Airbus has revealed plans increase the production of its A320 series from 60 aircraft per month to 67. The aircraft manufacturer is stabilising the output of the A330 to just 40 aircraft this year and will keep the production rate of the A350s to between nine and 10 aircraft per month. The Airbus stated that this is due to “overall customer demand for widebody aircraft.”
At the company’s 2019 earnings meeting, CEO Guillaume Faury revealed that a “lot” of the A330 deliveries last year involved aircraft that were produced in 2018 but delivered late due to issues with the Rolls-Royce Trent 7000 engine. The airframer’s lower widebody output, Faury said, reflects Airbus’s “understanding of the capacity of the market and of the backlog.” The manufacturer wants to have a “level of production reflecting demand moving forward,” he said, pointing out that “also, our main competitor is bringing rates down.” Boeing in October last year announced it would decrease the output of the 787 from 14 to 12 per month in 2020 and last month warned this could be cut further to 10 a month early in 2021 due to the “current environment” and “near-term market outlook.”
With a backlog of 6,068 A320-family aircraft, representing eight years’ production at current rates, Airbus will need to increase the output beyond the 63 a month planned for the end of 2021. “We re-assessed the capacity of our supply chain last year, and we see a clear path to further increase the monthly production rate by one or two [a month] in 2022 and again by one or two in 2023,” Faury said.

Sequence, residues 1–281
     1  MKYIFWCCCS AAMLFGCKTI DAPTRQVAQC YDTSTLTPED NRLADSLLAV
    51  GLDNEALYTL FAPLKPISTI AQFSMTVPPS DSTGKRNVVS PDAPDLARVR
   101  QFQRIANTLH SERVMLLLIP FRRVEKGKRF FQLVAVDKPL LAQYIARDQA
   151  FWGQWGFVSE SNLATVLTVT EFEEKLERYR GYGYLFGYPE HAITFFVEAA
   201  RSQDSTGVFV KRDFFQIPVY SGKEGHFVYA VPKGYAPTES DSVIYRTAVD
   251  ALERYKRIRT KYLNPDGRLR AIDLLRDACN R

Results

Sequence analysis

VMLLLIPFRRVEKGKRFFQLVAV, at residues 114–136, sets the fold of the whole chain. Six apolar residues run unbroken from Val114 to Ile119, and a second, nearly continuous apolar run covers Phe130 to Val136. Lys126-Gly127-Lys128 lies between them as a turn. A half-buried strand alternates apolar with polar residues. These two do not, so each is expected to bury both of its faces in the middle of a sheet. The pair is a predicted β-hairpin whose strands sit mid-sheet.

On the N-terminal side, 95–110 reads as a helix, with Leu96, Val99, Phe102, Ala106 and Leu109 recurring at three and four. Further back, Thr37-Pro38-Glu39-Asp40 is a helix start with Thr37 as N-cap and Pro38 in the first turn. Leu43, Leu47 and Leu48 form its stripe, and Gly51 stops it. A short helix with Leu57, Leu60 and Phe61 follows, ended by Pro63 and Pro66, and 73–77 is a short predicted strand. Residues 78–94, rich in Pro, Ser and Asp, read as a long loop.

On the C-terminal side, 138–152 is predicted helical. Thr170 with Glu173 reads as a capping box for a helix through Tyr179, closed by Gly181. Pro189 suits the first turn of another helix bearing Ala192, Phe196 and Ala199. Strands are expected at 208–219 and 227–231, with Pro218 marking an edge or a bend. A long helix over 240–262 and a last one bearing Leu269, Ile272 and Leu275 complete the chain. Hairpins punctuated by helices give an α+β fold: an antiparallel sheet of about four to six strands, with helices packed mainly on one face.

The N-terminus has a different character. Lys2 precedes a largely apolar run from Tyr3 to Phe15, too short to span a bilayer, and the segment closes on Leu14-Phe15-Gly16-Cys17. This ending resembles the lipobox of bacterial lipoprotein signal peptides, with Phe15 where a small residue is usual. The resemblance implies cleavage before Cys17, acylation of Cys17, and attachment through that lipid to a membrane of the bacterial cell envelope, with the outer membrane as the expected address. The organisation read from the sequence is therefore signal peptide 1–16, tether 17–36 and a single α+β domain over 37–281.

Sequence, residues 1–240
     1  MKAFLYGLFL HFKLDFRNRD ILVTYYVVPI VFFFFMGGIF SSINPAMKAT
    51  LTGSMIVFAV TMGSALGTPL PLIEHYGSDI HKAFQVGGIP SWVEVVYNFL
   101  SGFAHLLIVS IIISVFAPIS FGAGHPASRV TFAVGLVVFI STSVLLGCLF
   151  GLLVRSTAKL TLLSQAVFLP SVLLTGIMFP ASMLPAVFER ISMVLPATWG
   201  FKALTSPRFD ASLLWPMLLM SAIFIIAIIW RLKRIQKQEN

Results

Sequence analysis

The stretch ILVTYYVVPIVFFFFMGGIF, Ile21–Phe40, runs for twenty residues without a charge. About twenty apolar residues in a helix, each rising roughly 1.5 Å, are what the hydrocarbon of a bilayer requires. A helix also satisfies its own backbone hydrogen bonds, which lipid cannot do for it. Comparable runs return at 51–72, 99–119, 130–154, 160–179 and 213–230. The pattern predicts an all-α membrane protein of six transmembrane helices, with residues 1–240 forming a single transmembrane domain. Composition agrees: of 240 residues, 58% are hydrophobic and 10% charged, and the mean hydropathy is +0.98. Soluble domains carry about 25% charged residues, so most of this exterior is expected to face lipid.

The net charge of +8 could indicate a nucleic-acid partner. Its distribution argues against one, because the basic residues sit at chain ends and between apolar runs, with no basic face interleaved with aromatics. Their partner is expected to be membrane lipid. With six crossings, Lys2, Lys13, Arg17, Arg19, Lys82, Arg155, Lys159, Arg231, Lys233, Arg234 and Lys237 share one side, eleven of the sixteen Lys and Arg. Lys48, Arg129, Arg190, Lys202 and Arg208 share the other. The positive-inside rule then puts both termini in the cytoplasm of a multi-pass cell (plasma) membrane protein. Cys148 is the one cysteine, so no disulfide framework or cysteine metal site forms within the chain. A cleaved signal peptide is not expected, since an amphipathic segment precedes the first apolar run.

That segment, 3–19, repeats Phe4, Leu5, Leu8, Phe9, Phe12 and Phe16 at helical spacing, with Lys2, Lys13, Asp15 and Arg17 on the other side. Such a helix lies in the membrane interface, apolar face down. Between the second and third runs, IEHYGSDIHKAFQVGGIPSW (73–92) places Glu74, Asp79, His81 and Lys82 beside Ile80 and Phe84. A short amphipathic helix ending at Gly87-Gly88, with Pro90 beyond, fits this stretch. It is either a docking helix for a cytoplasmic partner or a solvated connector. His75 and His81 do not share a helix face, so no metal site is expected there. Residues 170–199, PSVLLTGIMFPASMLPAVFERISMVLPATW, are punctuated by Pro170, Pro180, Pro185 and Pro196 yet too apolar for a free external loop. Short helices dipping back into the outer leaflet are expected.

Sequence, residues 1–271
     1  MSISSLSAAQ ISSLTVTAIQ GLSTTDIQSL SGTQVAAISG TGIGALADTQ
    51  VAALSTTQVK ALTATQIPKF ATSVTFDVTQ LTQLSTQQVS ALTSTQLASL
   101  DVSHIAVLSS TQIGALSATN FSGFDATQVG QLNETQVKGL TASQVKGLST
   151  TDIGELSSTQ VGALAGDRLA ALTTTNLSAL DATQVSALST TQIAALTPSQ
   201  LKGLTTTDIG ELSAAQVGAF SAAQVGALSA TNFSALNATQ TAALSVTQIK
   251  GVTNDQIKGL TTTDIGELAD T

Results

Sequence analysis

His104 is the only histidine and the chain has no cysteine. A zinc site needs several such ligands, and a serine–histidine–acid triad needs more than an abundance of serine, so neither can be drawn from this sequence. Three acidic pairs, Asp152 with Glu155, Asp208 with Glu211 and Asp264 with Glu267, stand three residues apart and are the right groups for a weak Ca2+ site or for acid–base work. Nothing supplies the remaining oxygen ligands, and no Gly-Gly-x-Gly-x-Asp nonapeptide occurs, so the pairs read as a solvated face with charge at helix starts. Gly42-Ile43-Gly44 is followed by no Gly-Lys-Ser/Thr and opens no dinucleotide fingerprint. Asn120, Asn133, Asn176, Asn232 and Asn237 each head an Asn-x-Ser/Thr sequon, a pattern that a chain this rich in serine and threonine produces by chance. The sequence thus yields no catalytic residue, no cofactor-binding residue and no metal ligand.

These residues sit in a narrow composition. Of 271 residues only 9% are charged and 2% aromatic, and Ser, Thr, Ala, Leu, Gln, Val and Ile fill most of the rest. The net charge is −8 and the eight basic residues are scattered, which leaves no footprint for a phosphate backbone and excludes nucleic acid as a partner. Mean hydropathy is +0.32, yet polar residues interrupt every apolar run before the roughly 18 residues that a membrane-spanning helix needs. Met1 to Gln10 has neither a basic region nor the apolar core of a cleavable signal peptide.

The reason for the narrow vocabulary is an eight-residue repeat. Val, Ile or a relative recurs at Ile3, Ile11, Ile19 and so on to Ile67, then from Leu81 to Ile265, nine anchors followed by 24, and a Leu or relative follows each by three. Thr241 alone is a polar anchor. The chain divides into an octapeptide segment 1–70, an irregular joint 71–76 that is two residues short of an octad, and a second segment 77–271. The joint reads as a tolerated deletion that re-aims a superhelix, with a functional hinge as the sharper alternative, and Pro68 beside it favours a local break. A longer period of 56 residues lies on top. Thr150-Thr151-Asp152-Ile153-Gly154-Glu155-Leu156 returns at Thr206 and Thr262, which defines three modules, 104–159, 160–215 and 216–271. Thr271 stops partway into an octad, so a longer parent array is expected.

Faury stated that Airbus was making progress with problems connected with the industrialisation and production acceleration of the Airbus Cabin Flex (ACF) version of the A321neo in Hamburg and the production shift from A320 to A321s. A321s models now account for nearly 50% of the A320-family backlog. “I do feel more comfortable on these challenges for 2020,” he said, though he admitted that delivery delays—of up six months on contractual commitments with customers—are not yet over. “We are the victim of the success of our product and the complexity of the ramp-up,” he asserted. Airbus last year delivered almost 100 more ACF versions of the A321 than it did in 2018.
Airbus intends to deliver 880 commercial jet deliveries this year, up 2% on the 863 examples in 2019 – a company record and an 8% increase on 2018 deliveries.